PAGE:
Aboriginal protests

Aboriginal peoples are our best hope for correcting environmental concerns, such as Kinder Morgan’s proposed threefold expansion of its oil pipeline through Burnaby Mountain.

Many Canadians justifiably worry about inadequately regulated natural resource extraction and ship­- ­ments. We need for aboriginal protesters to get involved with peaceful demonstrations against the threats to the ecosystem.

Grand Chief Stewart Phillip was arrested in late November at the Burnaby Mountain blockade of the Kinder Morgan project. Furthermore, aboriginal nations from Vancouver Island have recently joined the fight against the Trans Mountain expansion project. They point out that the wave activity resulting from increased oil tanker traffic along the island’s coast will erode sacred midden sites and burial grounds. They point out that the National Energy Board is little more than a politically compromised rubberstamp entity.

Aboriginal nations and activists were emboldened by the June, 2014 Supreme Court of Canada William decision. The ruling recognized the aboriginal title of the Tsil­hqot’in nation to 1,750 square km of their land in central British Columbia. Although the ruling does not hand them outright ownership, it does give them the right to use and manage the land and to reap its economic benefits.

The ruling affects all “unceded” territory in Can­ada —those lands never signed away through a treaty or conquered by war. It means that over an enormous land mass—most of British Col­umbia, large parts of Que­bec and Atlantic Can­ada, and a number of other spots—a new legal landscape is emerging that offers the prospect of much more responsible land stewardship.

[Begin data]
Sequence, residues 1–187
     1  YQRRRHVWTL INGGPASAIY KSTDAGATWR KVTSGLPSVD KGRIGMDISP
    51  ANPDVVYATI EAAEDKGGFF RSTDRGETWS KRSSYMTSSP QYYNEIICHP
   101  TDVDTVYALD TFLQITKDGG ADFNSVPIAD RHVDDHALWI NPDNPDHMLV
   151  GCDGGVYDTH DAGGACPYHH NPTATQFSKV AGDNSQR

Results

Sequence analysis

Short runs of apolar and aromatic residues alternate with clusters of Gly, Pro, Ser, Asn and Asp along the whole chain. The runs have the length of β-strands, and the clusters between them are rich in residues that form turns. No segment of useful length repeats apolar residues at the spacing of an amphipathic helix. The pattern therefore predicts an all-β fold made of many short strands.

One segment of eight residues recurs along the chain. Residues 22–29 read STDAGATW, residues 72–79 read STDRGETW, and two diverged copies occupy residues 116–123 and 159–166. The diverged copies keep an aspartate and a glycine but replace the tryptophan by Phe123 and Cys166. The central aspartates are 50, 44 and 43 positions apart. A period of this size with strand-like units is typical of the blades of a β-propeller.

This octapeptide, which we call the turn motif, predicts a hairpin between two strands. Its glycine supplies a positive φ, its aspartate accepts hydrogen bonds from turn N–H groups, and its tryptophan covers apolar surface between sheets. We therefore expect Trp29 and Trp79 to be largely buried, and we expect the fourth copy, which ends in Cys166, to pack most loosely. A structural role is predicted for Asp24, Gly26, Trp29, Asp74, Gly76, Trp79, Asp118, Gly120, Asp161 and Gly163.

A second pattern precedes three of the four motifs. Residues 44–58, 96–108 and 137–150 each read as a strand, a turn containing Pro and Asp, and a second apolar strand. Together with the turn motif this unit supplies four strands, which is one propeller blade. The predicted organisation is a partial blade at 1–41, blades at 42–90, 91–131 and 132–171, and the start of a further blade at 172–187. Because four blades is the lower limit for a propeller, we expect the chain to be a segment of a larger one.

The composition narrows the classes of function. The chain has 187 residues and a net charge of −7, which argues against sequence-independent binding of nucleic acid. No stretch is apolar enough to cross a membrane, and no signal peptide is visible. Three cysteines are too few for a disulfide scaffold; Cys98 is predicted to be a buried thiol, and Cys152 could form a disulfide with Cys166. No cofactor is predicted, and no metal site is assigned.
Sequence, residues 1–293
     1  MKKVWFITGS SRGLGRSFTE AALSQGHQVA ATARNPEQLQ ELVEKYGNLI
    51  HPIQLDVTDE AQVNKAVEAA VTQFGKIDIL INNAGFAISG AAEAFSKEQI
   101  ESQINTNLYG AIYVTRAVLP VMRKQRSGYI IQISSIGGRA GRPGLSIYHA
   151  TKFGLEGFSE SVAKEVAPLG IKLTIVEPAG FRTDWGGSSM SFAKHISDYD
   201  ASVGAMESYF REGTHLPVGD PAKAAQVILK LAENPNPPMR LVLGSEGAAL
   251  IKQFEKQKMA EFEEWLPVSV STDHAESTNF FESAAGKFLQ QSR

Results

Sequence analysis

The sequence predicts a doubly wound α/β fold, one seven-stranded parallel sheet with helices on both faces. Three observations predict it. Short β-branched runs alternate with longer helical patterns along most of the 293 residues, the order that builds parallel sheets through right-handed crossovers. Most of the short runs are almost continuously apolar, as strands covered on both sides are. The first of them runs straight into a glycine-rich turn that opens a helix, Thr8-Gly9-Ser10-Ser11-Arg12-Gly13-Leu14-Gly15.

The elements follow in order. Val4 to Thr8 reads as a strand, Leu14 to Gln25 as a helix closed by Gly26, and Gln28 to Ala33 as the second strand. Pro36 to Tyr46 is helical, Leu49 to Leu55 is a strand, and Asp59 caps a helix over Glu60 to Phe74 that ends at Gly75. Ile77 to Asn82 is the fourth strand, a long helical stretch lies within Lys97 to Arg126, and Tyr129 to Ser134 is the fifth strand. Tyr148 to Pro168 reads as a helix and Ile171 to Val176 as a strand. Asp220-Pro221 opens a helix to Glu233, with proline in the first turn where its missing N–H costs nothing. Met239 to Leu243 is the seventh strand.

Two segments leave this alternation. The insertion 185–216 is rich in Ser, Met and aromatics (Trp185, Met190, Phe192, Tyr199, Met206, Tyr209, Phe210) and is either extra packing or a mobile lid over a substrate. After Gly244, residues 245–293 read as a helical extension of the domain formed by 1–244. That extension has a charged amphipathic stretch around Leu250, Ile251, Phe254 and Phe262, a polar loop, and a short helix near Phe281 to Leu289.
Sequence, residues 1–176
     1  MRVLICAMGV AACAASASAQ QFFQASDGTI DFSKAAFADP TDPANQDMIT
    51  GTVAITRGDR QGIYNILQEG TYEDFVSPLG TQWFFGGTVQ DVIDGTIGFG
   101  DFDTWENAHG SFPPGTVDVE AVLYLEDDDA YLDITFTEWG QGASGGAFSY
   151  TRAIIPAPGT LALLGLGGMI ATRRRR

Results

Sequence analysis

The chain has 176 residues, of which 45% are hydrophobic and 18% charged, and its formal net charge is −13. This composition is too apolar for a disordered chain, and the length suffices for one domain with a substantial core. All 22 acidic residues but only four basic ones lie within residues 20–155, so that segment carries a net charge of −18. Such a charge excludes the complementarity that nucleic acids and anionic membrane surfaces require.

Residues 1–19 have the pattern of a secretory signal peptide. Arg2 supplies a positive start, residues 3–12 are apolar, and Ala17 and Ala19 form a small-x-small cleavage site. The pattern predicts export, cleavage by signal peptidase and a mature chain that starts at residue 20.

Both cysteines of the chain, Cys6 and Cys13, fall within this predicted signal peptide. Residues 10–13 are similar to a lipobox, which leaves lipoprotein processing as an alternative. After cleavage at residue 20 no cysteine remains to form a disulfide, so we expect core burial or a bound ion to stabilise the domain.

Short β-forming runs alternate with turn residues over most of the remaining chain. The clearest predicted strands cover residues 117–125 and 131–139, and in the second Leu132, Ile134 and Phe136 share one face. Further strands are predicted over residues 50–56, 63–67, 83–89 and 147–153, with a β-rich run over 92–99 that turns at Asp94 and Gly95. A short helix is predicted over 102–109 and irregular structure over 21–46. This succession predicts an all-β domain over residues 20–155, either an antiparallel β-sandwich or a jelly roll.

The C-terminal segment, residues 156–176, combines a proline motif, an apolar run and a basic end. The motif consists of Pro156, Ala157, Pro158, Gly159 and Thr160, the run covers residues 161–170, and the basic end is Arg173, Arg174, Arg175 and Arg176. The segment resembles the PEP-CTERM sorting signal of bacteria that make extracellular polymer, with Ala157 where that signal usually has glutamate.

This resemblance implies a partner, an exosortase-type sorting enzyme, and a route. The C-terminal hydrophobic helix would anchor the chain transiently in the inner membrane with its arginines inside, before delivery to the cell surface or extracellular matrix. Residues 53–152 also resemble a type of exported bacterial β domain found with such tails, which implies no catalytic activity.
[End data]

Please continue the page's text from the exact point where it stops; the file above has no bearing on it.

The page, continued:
Provincial and federal governments in Canada risk incurring shame in the worldwide news media spotlight as they disregard aboriginal nations’ merited distrust of the environmental risk review and assessment entities.

Frank Sterle, Jr.
White Rock, B.C.

Letter from Kazakhstan

Kazakhstan, the world’s largest landlocked country and ninth largest in the world (Canada is second) with the second coldest capital, Astana (Ottawa is third), is the host for this meeting of the International Physicians for the Prevention of Nu­clear War. Two years ago we were in Hiroshima and this year we’re where the Soviets tested over 450 nuclear weapons and affected 1.5 million people with fallout radiation.

When Kazakhstan became independent in 1991, they gave the Russians back over 1,000 nuclear bombs, closed the test site, and have advocated for no more testing. They want a seat on the UN Security Council in 2017-18 and will push for eliminating nuclear wea­pons. We in Can­ada, Australia, and Germ­­any are showing the nuclear fuel chain: the connection of uranium mining to refining and enrichment for nuclear power, to plutonium and tritium used in nuclear wea­pons, and to the waste product depleted uranium.

We in Physicians for Glo­bal Survival will hold a Uranium Congress April 14-16 in Quebec City to push for a ban on uranium mining in Quebec.

Richard Denton, M.D.
Astana, Kazakhstan

Peace Magazine Jan-Mar 2015

Peace Magazine Jan-Mar 2015, page 5. Some rights reserved.

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